Note its proximity to the Presbyterian church. In any case, at this point, not finding it on my phone, however, I had to make the determination if I was on a Douglass's trip or my own. I chose the latter. Sometimes you just have to live your own life.

Tuesday, June 11, 2019

Picture of "Mrs. Frederick Douglass, Jr."

Back in 2011, when I was researching in the Walter O. Evans Collection in Savannah (no, all you reviewers and interviewers, David Blight was not the first nor only biographer to use that collection, as he himself would point out), I found this piece of an extended Douglass family puzzle via Frederick Douglass, Jr.'s wife, Virginia L. Molyneaux Hewlett.

I have a bit of a file on Virginia Hewlett Douglass, but not much of her ended up in the book because her circle of action did not overlap enough with the ones that drove the narrative in my story. She may end up figuring into Ezra Greenspan's study of the wider Douglass family -- at least I hope she does.

In this file, however, I don't have a picture of her and, in fact, don't think I had seen a picture of her, although I found one of her father and her brother as well as those of her husband. Then, this weekend, a friend shared a story on about a photo album donated to the Boston Atheneum that had once belonged to Harriet Bell Hayden, wife of Lewis Hayden.

The Haydens, by the way, were some of the most interesting people of the nineteenth century. They should be up there with Harriet Tubman and Douglass himself. Their house on Beacon Hill has a landmark on it today, and is part of the National Parks walking tour. Here it is from a visit that I took with a Gilder Lehrman Teacher's Seminar, run by David Blight in 2017 (Yes, THAT David Blight -- he has been really cool, inviting me to speak to this seminar two years in a row and to go on this field trip. Alas, last summer the weather did not cooperate and I had a broken toe.):

"Home of Lewis Hayden, 1811-1889
Fugitive Slave -- Leading Abolitionist
Prince Hall Mason -- Rescuer of Shadrach
Member of the General Court
Messenger to the Secretary of State
A Meeting Place of Abolitionists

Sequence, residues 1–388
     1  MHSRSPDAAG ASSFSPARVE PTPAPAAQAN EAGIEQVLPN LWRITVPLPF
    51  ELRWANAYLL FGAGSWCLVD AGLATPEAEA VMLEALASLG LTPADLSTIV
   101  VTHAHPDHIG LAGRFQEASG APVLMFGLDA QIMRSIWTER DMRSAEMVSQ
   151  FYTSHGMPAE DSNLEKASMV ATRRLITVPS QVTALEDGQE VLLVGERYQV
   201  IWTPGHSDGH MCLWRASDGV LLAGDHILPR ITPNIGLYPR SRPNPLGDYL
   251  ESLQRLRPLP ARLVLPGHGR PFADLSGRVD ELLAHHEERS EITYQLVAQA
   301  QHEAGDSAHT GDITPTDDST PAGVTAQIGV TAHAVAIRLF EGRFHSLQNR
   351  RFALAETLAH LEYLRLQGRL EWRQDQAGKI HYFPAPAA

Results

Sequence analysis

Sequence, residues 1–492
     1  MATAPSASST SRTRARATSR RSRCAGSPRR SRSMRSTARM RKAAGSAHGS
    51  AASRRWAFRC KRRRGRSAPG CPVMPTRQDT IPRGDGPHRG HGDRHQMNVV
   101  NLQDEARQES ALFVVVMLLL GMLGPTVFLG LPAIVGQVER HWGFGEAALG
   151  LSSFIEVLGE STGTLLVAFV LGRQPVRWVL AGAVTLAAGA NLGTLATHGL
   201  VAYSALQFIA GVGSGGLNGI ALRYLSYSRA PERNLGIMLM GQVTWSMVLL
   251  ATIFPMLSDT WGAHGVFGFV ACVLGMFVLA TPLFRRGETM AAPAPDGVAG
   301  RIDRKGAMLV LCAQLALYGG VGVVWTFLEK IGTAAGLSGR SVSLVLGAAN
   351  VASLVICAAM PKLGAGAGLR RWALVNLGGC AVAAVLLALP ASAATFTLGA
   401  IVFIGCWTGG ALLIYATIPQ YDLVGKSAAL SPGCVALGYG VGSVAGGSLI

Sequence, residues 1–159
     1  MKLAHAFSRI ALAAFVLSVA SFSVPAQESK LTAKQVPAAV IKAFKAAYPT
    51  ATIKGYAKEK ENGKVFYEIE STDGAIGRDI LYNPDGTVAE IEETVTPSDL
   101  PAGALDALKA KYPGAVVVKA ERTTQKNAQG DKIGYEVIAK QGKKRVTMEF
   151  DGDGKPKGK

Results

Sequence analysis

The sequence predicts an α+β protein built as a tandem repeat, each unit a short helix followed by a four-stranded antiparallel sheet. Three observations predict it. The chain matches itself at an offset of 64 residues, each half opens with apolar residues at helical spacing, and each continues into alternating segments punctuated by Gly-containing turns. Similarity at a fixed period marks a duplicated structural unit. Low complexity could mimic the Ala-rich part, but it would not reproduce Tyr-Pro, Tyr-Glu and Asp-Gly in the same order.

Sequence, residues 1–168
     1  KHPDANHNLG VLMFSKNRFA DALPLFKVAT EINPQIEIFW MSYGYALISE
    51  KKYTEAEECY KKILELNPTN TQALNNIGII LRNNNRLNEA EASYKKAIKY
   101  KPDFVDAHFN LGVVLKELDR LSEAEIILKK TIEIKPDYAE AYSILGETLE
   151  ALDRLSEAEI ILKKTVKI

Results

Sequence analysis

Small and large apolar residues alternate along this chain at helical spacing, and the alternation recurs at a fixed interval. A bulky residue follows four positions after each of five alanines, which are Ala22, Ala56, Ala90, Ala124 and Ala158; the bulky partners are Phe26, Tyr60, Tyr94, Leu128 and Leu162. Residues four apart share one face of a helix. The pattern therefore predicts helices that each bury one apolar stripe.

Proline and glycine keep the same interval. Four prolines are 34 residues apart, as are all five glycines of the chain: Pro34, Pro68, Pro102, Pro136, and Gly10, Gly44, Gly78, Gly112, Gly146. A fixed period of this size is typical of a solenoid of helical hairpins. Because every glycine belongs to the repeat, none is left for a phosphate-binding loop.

and a Station on 
the Underground Railroad
The Heritage Guild, Inc."

Lewis Hayden House, Beacon Hill, Boston, 2017
Harriet Bell Hayden's album is supposed to contain many photos of the Boston black community, and Virginia Hewlett's is just one of many. The label on the image says "Mrs. Frederick Douglass," but the handwriting matches that on other pages, which suggest that it is not an autograph and was likely added later. The style of clothing suggests that this was Miss Hewlett rather than Mrs. Douglass, Jr., or, if Mrs. Douglass, Jr., very newly so. 

Here she is:

Virginia L. Molyneaux Hewlett Douglass

Note the detailing on her dress, the quality of the cloth, the boning in the bodice and gathering at the waist. So pretty! Then, her direct gaze at the camera. 

Frederick Douglass, Jr., remembered seeing her first in 1864 when she, at the age of fifteen, read a poem of her own composition to the Massachusetts 5th Cavalry of which his brother, Charles Douglass, was a part.  Frederick, Jr., seven years her senior, was himself a recruiter at the time. Years later, he transcribed her poem in a scrapbook now in the Walter O. Evans Collection (from which most of this information comes):

To the fifth Mass. Cavalry. Presented to the non commissioned officers at a Ball given by them March 29th 1864 at Dedham Mass. Miss Virginie L. Molyneaux Hewlett. 

Soldiers we have met together, 
But soon we’ll part perhaps forever. 
Though there may be sorrow in our hearts, 
Though tears may fall from our eyes, 
Still we feel, our loyal brothers 
You are struggling for your right, 
And you soon will win and keep it 
By your bravery and might. 
Brothers do ye feel afraid? 
Would ye now give up the glory?
 On, on, ye forever on, for God and victory 
He has heard his people’s cry, 
Has promised succor from on high. 
There have many gone before you, 
Many more are here to follow, 
Forward, then, and let this be your cry, 
‘Living we will be victorious, Or dying our deaths shall be glorious.'

[I confess that it continues from there, but I only transcribed enough to get the jist.]

Here he is about the time that he might have met Virginia.:

Frederick Douglass, Jr.
Handsome, no? I think this may have been taken at the same place where his brothers had their pictures taken in their uniforms; but that is a post for another time. For some reason, I love that all of the children have their mother's eyes, but you can see him setting his brow and expression like his father. 

Anyway, to get on with the story.

Frederick, Jr.,  must have kept in touch because he escorted Virginia to a dance in 1868 upon her graduation from Cambridge high school. If only letters survived! The two married on 4 August 1869 at the home of he father in Cambridge, Massachusetts. One newspaper mistakenly reported that she was white.